Surgical therapy for Stage IV colorectal cancer is performed in most cases after an individual has completed their chemotherapy regimen. In some cases surgery may be done prior to chemotherapy if the tumor is causing a blockage in the colon. Your multi-disciplinary medical team at Johns Hopkins will work with you to develop a customized treatment plan incorporating the proper timing of chemotherapy and surgery.
|A variety of types of colorectal surgeries are possible depending on where the cancer occurs. The surgical techniques for colon cancer differs signficantly from the surgical techniques for rectal cancer. At Johns Hopkins we have a team of surgeons who specialize in colon and rectal cancer surgery. By coordinating your care with experts in medical and radiation oncology, patients at Johns Hopkins receive the full benefits of a multidisciplinary team approach. Clinical trials are options for all stages of colorectal cancer patients at Johns Hopkins and may be fully explored with your team of experts. The strength of our cancer program ensures that patients receive the most advanced, effective, and safe treatments. |
The goals of surgical therapy for Stage IV coloectal cancer are to:
- Relieve any blockage in the colon or rectum caused by the tumor
- Remove the cancer completely with clear margins.
- Resect adjacent draining lymph node.
- Avoid excessive disruption or spillage of tumor cells.
- Reconstruct the bowel, if possible, in order to achieve intestinal continuity and normal or near normal bowel function postoperatively.
The type of resection depends on a variety of factors including: the location of the tumor, the presence of other associated cancers or polyps, the stage of the cancer, the risk of development of other colon cancer in the future, and finally, the patient’s preference. The method of reconstruction of the colon resection can vary. Some surgeons use manual suturing either in one or two layers, others prefer one of various stapling techniques.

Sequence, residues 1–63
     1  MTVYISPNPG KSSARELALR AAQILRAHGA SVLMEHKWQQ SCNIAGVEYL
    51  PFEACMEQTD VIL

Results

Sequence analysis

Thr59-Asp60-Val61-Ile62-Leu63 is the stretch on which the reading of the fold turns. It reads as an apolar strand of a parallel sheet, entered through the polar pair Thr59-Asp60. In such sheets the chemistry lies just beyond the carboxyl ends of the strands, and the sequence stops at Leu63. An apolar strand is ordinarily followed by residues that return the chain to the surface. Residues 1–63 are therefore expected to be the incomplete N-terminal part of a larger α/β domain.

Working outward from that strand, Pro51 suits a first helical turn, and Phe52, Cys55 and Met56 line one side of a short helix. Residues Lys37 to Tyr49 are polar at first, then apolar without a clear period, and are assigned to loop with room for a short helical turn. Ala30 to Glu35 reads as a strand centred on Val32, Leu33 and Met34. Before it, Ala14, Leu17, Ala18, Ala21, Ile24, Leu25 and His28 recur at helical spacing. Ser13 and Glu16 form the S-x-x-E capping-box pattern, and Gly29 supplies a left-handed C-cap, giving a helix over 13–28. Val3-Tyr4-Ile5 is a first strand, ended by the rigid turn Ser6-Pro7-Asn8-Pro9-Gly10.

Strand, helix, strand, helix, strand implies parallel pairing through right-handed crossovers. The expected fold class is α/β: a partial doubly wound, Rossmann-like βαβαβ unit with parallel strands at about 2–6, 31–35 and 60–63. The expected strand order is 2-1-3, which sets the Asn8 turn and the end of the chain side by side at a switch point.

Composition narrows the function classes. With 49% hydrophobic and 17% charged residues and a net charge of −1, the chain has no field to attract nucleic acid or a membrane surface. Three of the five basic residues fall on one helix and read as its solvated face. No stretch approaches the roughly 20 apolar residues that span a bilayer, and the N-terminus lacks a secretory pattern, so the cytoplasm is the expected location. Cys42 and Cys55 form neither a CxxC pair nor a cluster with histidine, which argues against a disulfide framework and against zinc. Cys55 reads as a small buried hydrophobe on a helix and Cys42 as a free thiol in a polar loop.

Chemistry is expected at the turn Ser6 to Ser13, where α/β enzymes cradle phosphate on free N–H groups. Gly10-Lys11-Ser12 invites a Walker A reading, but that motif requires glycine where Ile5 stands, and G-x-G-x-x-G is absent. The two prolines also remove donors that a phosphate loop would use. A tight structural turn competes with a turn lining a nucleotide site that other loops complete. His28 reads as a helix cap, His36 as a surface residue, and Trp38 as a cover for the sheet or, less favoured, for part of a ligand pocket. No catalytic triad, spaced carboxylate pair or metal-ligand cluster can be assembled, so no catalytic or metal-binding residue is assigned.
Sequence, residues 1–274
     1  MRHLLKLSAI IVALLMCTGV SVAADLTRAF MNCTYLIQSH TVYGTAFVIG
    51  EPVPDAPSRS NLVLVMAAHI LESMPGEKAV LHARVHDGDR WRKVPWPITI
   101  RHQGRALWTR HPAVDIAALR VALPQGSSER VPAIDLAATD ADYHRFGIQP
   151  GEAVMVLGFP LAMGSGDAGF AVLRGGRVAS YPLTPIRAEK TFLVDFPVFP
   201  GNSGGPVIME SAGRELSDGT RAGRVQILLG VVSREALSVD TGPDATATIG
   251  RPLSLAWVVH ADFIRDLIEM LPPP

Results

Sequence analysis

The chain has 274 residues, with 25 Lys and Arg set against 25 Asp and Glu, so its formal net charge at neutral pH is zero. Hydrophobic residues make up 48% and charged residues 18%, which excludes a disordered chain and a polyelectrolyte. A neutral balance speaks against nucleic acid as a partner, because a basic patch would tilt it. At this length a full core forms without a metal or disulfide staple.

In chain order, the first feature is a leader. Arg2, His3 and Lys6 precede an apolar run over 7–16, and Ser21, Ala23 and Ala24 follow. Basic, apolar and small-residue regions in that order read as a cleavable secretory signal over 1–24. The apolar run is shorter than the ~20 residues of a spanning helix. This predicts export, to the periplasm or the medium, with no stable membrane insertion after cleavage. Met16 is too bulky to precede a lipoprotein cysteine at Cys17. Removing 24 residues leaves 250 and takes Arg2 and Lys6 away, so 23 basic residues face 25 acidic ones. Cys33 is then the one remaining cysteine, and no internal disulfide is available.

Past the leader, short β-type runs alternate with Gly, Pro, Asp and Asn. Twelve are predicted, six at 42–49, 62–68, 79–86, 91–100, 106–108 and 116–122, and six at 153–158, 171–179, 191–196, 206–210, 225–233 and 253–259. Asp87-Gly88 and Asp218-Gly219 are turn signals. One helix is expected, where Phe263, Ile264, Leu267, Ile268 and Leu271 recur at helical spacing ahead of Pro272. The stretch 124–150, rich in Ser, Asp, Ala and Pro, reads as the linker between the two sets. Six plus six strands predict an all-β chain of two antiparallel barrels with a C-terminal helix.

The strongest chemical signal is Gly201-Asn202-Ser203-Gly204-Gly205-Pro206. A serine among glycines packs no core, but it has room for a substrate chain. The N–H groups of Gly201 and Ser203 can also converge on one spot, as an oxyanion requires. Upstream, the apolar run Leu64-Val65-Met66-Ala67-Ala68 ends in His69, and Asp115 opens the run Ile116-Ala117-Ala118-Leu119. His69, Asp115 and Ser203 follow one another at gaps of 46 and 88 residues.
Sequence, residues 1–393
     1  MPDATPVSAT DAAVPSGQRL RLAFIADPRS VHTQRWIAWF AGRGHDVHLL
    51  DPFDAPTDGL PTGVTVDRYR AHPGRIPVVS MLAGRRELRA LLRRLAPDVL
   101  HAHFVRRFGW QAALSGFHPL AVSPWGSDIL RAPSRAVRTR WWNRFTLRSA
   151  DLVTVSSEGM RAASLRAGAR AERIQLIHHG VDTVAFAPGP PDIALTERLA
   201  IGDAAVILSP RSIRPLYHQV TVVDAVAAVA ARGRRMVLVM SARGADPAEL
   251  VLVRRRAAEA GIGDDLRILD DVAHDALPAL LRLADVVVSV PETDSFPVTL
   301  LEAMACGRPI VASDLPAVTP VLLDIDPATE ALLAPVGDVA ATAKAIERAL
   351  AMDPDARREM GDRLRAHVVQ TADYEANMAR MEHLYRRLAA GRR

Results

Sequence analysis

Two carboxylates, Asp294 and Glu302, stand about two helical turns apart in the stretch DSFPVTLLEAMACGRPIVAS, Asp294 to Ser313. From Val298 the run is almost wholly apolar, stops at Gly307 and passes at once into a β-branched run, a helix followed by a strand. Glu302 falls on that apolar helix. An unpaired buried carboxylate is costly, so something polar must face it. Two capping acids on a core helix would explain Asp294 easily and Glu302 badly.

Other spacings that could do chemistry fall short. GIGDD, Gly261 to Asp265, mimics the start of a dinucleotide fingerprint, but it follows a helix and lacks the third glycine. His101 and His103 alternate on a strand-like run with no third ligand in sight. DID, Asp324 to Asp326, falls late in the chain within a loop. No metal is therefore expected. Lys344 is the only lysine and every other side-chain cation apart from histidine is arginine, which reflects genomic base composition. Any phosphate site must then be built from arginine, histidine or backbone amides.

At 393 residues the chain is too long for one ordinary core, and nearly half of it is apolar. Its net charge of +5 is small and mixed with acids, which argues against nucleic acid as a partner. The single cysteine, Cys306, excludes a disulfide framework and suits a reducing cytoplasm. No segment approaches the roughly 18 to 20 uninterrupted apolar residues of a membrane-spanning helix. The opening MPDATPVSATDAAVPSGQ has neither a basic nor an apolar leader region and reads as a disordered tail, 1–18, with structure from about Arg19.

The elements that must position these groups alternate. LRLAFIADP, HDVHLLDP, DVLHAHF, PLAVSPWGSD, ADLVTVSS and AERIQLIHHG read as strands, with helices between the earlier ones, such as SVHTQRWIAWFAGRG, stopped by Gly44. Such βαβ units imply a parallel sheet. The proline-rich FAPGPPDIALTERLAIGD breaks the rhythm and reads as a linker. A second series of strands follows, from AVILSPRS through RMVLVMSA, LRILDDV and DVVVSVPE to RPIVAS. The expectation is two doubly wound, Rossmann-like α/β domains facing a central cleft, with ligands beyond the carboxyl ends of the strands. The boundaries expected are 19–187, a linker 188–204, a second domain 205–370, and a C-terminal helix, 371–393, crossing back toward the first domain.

|A variety of types of colorectal resections are possible depending on where the cancer occurs. The surgical techniques for colon cancer differs signficantly from the surgical techniques for rectal cancer. |
Please choose the location of your cancer to view the corresponding surgical techniques:
Colorectal resection, including regional lymph nodes, is based on the blood supply to the bowel (Figure 20).
|Figure 20. Arterial blood supply to the colon.|
Surgical Treatment of Stage IV Colon Cancer
A right hemicolectomy (Figure 21) is the surgical procedure performed for patients with cancer between the cecum and ascending colon.
|Figure 21. Right hemicolectomy with ileocolic anastomosis. |
A transverse colectomy (Figure 22) is performed for tumors in the transverse colon. The middle colic artery is ligated and the ascending and descending colon are anastomosed.
|Figure 22. Transverse colectomy with anastomosis of ascending and descending colon. |
Extended right colectomy is performed in cases in which the cancer is located in the proximal or mid transverse colon (Figure 23). This resection requires removal of the terminal ileum , cecum, ascending colon, hepatic flexure and a portion of the transverse colon.
|Figure 23. Extended right colectomy with ileocolic anastomosis. |
Left hemicolectomy (Figure 24) is the procedure for tumors of the descending colon. The left colic artery is ligated, the splenic flexure and descending colon removed and the transverse and upper sigmoid colon are joined (anastomosed).
|Figure 24. Left hemicolectomy with transverse and sigmoid colon anastomosis. |